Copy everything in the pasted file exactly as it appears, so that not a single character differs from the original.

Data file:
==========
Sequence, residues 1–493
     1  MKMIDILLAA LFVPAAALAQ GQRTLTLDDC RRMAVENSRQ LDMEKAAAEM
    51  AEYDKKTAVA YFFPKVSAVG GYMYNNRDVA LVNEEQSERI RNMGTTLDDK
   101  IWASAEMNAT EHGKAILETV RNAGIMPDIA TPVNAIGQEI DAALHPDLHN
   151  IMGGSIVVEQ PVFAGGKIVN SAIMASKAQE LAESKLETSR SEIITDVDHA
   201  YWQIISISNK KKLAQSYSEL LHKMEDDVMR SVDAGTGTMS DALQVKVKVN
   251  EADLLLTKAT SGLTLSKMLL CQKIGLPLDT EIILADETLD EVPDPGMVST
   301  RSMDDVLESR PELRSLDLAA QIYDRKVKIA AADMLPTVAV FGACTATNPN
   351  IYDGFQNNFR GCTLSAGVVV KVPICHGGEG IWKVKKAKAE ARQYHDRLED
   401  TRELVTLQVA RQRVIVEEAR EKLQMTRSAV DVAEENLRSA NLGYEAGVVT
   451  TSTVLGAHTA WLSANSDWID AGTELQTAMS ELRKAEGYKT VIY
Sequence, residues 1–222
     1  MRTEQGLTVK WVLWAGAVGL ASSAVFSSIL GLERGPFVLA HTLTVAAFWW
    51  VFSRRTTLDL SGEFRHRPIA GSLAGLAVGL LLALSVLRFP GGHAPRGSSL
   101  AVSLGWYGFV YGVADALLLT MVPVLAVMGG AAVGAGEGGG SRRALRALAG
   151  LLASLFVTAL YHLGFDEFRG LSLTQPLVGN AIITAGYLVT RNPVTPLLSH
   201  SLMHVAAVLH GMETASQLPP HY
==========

Sequence, residues 1–493
     1  MKMIDILLAA LFVPAAALAQ GQRTLTLDDC RRMAVENSRQ LDMEKAAAEM
    51  AEYDKKTAVA YFFPKVSAVG GYMYNNRDVA LVNEEQSERI RNMGTTLDDK
   101  IWASAEMNAT EHGKAILETV RNAGIMPDIA TPVNAIGQEI DAALHPDLHN
   151  IMGGSIVVEQ PVFAGGKIVN SAIMASKAQE LAESKLETSR SEIITDVDHA
   201  YWQIISISNK KKLAQSYSEL LHKMEDDVMR SVDAGTGTMS DALQVKVKVN
   251  EADLLLTKAT SGLTLSKMLL CQKIGLPLDT EIILADETLD EVPDPGMVST
   301  RSMDDVLESR PELRSLDLAA QIYDRKVKIA AADMLPTVAV FGACTATNPN
   351  IYDGFQNNFR GCTLSAGVVV KVPICHGGEG IWKVKKAKAE ARQYHDRLED
   401  TRELVTLQVA RQRVIVEEAR EKLQMTRSAV DVAEENLRSA NLGYEAGVVT
   451  TSTVLGAHTA WLSANSDWID AGTELQTAMS ELRKAEGYKT VIY
Sequence, residues 1–222
     1  MRTEQGLTVK WVLWAGAVGL ASSAVFSSIL GLERGPFVLA HTLTVAAFWW
    51  VFSRRTTLDL SGEFRHRPIA GSLAGLAVGL LLALSVLRFP GGHAPRGSSL
   101  AVSLGWYGFV YGVADALLLT MVPVLAVMGG AAVGAGEGGG SRRALRALAG
   151  LLASLFVTAL YHLGFDEFRG LSLTQPLVGN AIITAGYLVT RNPVTPLLSH
   201  SLMHVAAVLH GMETASQLPP HY